Today, our guest, Paul Cooke, Director of the Houston Teachers Institute at the University of Houston, talks about a remarkable teacher -- and father. The University presents this series about the machines that make our civilization run, and the people whose ingenuity created them.
Bronson Alcott went to school at a Connecticut crossroads in a small, bare room. His schoolmaster did nothing to stir him to think or to be curious. When Bronson became too useful on the family farm, his formal schooling ended. The year was 1812. He was thirteen. Still wanting to learn, he vowed to educate himself and read every book in the neighborhood he could find.
As he grew older he learned that the greatest thing he had learned in his first school was how children should not be taught. Alcott began the struggle of defying public opinion about how schools should teach.
Self-taught and not yet 24 years old, he took his first teaching job and soon came to see "teaching as the most crucial of all professions."
In 1827, after he had opened his own school, an article in the Boston papers praised it as perhaps "the best common school in the United States." But others criticized it because it wasn't stressing memorization of facts and straightforward study of practical information. Parents took their children out, and the school closed.
A second school failed, and then he started a third. Twenty students came on the first day to a room arranged to be uplifting. In the corners were pedestals with busts of Socrates, Shakespeare, and Milton. Students were arranged in a semi-circle, and Alcott began the day by asking them what they thought was the purpose of school. He talked to them about his duties as a teacher and asked them to talk of their duties as students. Dialogues with students were the rule.
Bronson Alcott's Temple School pictured in his
Record Of Conversations on the Gospel, 1834
He never let class activity turn into routine. Even the way spelling lessons were done changed from day to day. One spelling word on an occasion was "yawn," and he let students tell funny and embarrassing anecdotes about yawning. He often tied this work with words to issues having to do with the building of character.
But parents again took their children out, and the school closed. Alcott was too untraditional.
His discouragement after this third failure was great, and he was deeply troubled. His old friends Emerson and Thoreau comforted and encouraged him over a period of months, helping him return to sound health. Bronson Alcott's four children encouraged him, too, as his famous daughter told the world years later. Lousia May Alcott, the author of Little Women, in her "Recollections of My Childhood," wrote,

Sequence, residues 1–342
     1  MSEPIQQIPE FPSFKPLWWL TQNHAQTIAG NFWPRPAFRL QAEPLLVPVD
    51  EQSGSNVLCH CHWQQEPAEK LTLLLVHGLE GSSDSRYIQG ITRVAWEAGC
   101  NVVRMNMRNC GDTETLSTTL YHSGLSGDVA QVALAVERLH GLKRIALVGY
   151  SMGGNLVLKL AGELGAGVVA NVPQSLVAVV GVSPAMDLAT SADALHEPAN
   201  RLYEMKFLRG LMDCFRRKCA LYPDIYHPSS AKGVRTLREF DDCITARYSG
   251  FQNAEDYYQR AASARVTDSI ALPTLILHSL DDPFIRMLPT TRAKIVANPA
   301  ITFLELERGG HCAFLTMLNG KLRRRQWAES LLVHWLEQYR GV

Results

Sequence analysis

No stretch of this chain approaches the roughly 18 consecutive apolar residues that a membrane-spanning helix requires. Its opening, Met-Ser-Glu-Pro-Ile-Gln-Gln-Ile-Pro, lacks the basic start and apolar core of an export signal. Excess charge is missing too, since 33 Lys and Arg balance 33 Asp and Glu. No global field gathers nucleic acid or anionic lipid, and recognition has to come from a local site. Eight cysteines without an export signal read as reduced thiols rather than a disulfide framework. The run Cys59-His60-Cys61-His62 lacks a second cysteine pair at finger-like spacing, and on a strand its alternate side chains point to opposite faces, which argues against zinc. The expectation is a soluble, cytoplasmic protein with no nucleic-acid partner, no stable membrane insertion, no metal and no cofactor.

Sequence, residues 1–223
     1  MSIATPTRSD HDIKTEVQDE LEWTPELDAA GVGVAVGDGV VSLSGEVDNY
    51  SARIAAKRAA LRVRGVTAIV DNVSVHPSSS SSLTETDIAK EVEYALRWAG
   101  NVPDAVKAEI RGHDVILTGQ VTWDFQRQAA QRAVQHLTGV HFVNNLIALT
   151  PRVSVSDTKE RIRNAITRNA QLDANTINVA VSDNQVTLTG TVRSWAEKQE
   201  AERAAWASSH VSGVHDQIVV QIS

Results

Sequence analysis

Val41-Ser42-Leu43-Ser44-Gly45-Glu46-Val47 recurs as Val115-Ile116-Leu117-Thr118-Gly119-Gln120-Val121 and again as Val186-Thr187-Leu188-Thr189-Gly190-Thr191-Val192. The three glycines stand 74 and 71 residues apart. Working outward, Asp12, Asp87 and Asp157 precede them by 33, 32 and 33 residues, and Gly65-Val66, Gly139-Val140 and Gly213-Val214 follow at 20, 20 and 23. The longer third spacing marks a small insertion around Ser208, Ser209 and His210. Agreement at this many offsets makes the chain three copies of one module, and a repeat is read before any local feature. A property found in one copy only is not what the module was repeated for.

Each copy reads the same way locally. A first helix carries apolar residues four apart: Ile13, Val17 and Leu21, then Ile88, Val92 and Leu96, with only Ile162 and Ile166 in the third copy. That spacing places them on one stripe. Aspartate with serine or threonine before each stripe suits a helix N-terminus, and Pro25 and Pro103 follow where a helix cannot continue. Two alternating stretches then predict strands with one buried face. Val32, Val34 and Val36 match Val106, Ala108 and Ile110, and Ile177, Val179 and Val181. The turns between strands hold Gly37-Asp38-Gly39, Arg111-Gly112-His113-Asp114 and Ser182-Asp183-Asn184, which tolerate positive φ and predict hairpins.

My father's school was the only one I ever went to, and when this was broken up because he introduced methods now all the fashion, our lessons went on at home, for he was always sure of four little pupils who firmly believed in their teacher.
Wanting to change American schools for the better, Bronson Alcott struggled with disappointment. His daughter, Louisa May, saw plainly that her father was simply ahead of his time -- the fate of many a pioneer.
I'm Paul Cooke at the University of Houston, where we're interested in the way inventive minds work.
Duck, L., Understanding American Education: Its Past, Practices, and Promise. Burke, VA: Chatelaine Press, 1996, Chapter 6.
Shepard, O., Pedlar's Progress: The Life of Bronson Alcott. New York: Greenwood Press, 1968.
Alcott, L. M., Louisa May Alcott: An Intimate Anthology. (New York Public Library Collector's Edition) New York: Doubleday, 1997, "Recollections of My Childhood," pp. 3-11.
Paul Cooke, author of Thomas Hobbes and Christianity (1996), has been associated with the University of Houston Honors College since 1993, teaching such courses as "Slavery and Its Consequences in America," and "Jesus, Socrates, and Justice." Starting in late 1998, he served as the Director of the Houston Teachers Institute, a partnership between the University and the Houston Independent School District. The Institute was established under the guidance of the Yale-New Haven Teachers Institute as part of a national initiative to strengthen classroom teaching in U.S. public schools.